Chris Cox, an artist with springy curls and an arsenal of power tools, gained folk-hero status during last month’s government shutdown when, brandishing the South Carolina flag of his forefathers, he stormed the lawn of the closed-off Lincoln Memorial and single-handedly mowed it. On Wednesday afternoon, Cox returned to the hallowed site of his rogue yard-care, where a power equipment retailer and executives from a fundraising Web site recognized his service by presenting him with a chain saw.
“It’s an honor to be able to present Chris with this chain saw,” said Belmont Power Equipment’s Robert Hill of the Stihl MS 660, which retails for approximately $1,200.
“I didn’t set out to get this chain saw,” said Cox, 45, accepting the saw on the steps not far from where Martin Luther King Jr. delivered his “I Have a Dream” speech. “But I’m flattered.”
Then, before a small crowd of onlookers, he hoisted the 5.2-kilowatt engine-powered saw into the chilly November air, though he did not turn it on. In the middle distance, a police officer appeared to be monitoring the situation.
Originally, Crowd It Forward, a Tampa-based Web site that raises money for do-gooders nationwide, wanted to buy Cox a riding lawn mower. But when Kendell Almerico, the nonprofit group’s chief executive, contacted him, he learned that Cox wasn’t a professional lawn-care specialist but rather a sculptor.
“I do bears, sea captains, cigar store Indians, tiki heads,” Cox explained in a pre-ceremony interview. He is, in fact, a Northern Virginia chain saw artist and makes wooden sculptures under the name Cox Creations. He’s working on a football display case, carving the Redskins mascot out of reclaimed wood, and positioning him as if he is cradling the ball. Cox was commissioned to make it by a local real estate developer.
Conveniently for the company providing the gift, “My chain saw of choice is Stihl,” Cox says. In his experience, “it has a lower vibration and a higher horsepower” than other saws of comparable size.
This particular saw being presented on Wednesday was larger than what Cox would use for his artwork, and suitable more for outdoor work like tree-cutting. He plans to use it — as well as $1,701 in cash donations Crowd it Forward collected for him — for his new endeavor, the Memorial Militia. He wants “to continue to pay it forward.”
The Memorial Militia will be a network of volunteers who take to the homes and yards of infirm veterans and perform random acts of lawn mowing, brush-clearing, tree-trimming and leaf-blowing. Some 1,800 people from around the country have contacted Cox via his Facebook page, expressing interest in participating.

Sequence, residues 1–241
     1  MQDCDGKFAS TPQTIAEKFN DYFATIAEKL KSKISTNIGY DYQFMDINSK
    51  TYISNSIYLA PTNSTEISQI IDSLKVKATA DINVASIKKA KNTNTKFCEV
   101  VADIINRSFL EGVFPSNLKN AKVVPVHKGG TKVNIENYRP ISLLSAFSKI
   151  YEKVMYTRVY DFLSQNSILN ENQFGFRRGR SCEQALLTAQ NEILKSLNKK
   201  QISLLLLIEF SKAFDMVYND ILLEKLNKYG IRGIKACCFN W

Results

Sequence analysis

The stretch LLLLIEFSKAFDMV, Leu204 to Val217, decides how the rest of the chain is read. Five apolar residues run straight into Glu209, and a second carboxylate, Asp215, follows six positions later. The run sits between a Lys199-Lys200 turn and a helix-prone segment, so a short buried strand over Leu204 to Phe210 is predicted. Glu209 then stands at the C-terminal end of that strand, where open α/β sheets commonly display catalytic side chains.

What Cox was doing during the shutdown really spoke to people. It made sense. It was a tangible way of restoring order to a government that had become, in Cox’s words, “emotionally constipated.” It said to the government, You know what? I’ll just do it myself.
He never intended for his volunteerism to become a movement, though. At the time, he was just worried about public safety. Although he was not a military man himself, his grandfather, uncle and stepfather were, and Cox was concerned about vandalism on the unguarded war monuments. For the first several nights of the shutdown, he merely patrolled the area, bicycling around the Vietnam and Korean memorials. But on the third or fourth night, he noticed that the trash cans on the Mall had begun to overflow, so he went to Wal-Mart and bought some trash bags. Then he picked up cigarette butts. Then he began clearing fallen branches from paths.
The Lincoln Memorial mowing was only the most visible act of his 16-day service project. When the Park Police found out he was doing it, they asked him to stop and he did, but he continued picking up trash, and, as news of his deeds spread, so did his base of supporters. On one day, 200 additional volunteers joined him in his mission to give the memorials the dignity they deserved.
“These buildings are our buildings,” he said on Wednesday, gesturing around the Mall as assembled onlookers snapped his picture. “We are their stewards.”
In the foreground, uniformed Park Service officers, back on the job, raked a large pile of leaves.